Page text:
The title may say, “how to cut antique glass,” but it’s really the same process for any kind of glass you would find in windows or doors. The easy way is to bring your measurements to the local glass shop or hardware store and ask them to do it. They’ll do it perfectly and it will only cost about a buck a cut if you bring your own glass.
But for some of us DIYers, there is just no way we’ll pay someone to do something we can do ourselves. And cutting glass is something anyone can do. Here’s how:
- Get a Glass Cutter – This inexpensive little tool is simple to use and makes glass cutting a cinch.
- Mark Your Measurements – Using a Sharpie or grease pen, transfer your measurements onto the piece of glass to be cut.
- Set a Straight Edge – You’ll need to secure a straightedge on top of your glass to ensure a straight cut. I usually use a framing square or drywall T-square depending on the size to cut, but you can use whatever is handy as long as it is straight.
- Lubricate the Cutter – Apply a little dab of piston lube, WD-40, or anything that will allow the cutter’s wheel to spin smoothly during the cut.
- Score the Glass – Apply firm pressure and roll the glass cutter across the entire length of the cut in one pass. Don’t make multiple passes. (This will score the glass and not actually cut it through, that comes later.) One chance is all you get so make sure you have enough pressure and go all the way across your cut line.
- Tap the Line – Lift the glass up and using the metal ball on the other end of the cutter to gently tap all along the score line.
- Pop the Line – This last step may make you nervous. Take the glass and set the score line just over the edge of your work top. Then with two hands, break the cut piece off. If you scored the glass correctly it will snap easily along the score and give you a nice clean cut.
There is one drawback to this method, however. You cannot trim off small bits of glass. If you make a mistake and cut the glass 1/16″ – 1/2″ too big (or somewhere in that range), you won’t be able to score and break off a piece that tiny very effectively.
The process is pretty similar to cutting drywall, and once you’re comfortable it can be just as quick. Plus, it will save you plenty of cash, especially if you have a little league player and BB gun fanatic living under the same roof like my parents did!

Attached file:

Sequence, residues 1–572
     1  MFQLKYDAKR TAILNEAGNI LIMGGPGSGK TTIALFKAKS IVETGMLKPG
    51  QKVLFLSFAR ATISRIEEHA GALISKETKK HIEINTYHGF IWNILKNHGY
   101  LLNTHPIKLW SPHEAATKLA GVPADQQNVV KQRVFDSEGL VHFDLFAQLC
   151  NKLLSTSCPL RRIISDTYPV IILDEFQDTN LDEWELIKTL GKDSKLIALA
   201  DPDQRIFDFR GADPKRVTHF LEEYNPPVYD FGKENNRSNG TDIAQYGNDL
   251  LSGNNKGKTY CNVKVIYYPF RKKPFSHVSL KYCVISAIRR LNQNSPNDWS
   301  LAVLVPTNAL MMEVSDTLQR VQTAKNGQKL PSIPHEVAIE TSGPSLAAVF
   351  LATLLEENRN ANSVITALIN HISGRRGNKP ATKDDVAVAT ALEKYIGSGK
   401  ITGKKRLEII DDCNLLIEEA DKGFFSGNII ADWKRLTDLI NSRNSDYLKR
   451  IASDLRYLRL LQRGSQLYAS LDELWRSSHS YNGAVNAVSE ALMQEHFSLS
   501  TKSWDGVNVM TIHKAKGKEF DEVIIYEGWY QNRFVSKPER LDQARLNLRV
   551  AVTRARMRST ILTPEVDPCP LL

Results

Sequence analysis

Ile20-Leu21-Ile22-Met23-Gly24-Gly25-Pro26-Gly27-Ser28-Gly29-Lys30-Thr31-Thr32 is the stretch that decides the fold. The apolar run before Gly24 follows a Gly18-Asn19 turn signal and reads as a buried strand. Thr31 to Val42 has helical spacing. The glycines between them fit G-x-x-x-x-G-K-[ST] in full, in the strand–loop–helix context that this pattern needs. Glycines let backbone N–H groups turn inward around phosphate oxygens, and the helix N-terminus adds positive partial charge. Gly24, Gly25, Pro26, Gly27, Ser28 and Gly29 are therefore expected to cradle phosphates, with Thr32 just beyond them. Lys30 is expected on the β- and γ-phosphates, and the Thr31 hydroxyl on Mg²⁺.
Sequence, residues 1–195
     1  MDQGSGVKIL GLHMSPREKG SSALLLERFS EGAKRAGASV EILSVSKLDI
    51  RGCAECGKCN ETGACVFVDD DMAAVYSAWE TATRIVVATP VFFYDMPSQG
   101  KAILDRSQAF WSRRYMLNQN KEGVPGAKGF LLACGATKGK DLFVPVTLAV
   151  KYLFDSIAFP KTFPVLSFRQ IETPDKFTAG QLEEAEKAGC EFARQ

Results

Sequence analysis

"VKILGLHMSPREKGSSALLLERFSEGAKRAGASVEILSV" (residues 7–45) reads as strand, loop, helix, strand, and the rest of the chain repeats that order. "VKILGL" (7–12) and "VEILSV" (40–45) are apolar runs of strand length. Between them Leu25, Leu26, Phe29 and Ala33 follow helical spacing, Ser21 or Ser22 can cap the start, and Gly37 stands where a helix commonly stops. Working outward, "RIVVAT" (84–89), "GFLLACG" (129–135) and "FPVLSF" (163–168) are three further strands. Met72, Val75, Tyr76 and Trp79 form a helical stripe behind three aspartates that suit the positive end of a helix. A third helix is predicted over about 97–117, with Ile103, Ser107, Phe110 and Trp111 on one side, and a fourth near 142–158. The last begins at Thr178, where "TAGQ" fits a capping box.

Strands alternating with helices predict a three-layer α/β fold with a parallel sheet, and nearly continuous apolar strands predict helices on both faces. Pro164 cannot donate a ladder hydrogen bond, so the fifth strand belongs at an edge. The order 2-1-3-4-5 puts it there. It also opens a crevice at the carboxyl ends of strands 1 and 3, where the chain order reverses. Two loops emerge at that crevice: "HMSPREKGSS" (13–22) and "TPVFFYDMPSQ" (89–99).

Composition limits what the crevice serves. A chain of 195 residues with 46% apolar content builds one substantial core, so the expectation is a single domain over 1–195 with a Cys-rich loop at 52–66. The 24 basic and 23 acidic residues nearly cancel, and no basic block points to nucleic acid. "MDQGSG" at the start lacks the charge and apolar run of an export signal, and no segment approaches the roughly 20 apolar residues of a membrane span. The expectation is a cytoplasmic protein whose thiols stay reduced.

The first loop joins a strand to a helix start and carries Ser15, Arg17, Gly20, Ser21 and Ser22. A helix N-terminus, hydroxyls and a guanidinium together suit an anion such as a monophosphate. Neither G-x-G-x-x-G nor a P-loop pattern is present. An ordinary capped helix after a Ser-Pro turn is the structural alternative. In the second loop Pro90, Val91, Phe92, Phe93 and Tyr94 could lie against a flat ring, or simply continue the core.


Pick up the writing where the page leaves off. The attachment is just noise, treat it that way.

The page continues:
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I love old houses, working with my hands, and teaching others the excitment of doing it yourself! Everything is teachable if you only give it the chance.
7 thoughts on “How To: Cut Antique Glass”
“There is one drawback to this method, however. You cannot trim off small bits of glass. If you make a mistake and cut the glass 1/16″ – 1/2″ too big (or somewhere in that range), you won’t be able to score and break off a piece that tiny very effectively.”
So if the glass is just slightly larger, how do you cut off 1/16″-1/2″?
So trying to cut some 1/8 old glass, would the same process above be best?
Most of the time I just place the glass on top of the sash, square it up, score it free hand, and drop it in. No measuring required.
Fred, that’s the way I do it most of the time now too. Used to measure and cut when I wrote this post so maybe it’s time for an updated post! 🙂
Once you learn to lay a good score, I don’t recommend using the ball to tap the score line. It isn’t necessary and you risk breaking the glass – especially if it’s antique single strength glass (1/16″ thick).
You actually can break off narrow cuts. I routinely snap off cuts as thin as 1/8″. What you need is a good glass plier. Here’s a good cheap one:
After a little practice you can usually skip the ball but for a first timer it never hurts. Agreed that you will need to be gentle! 🙂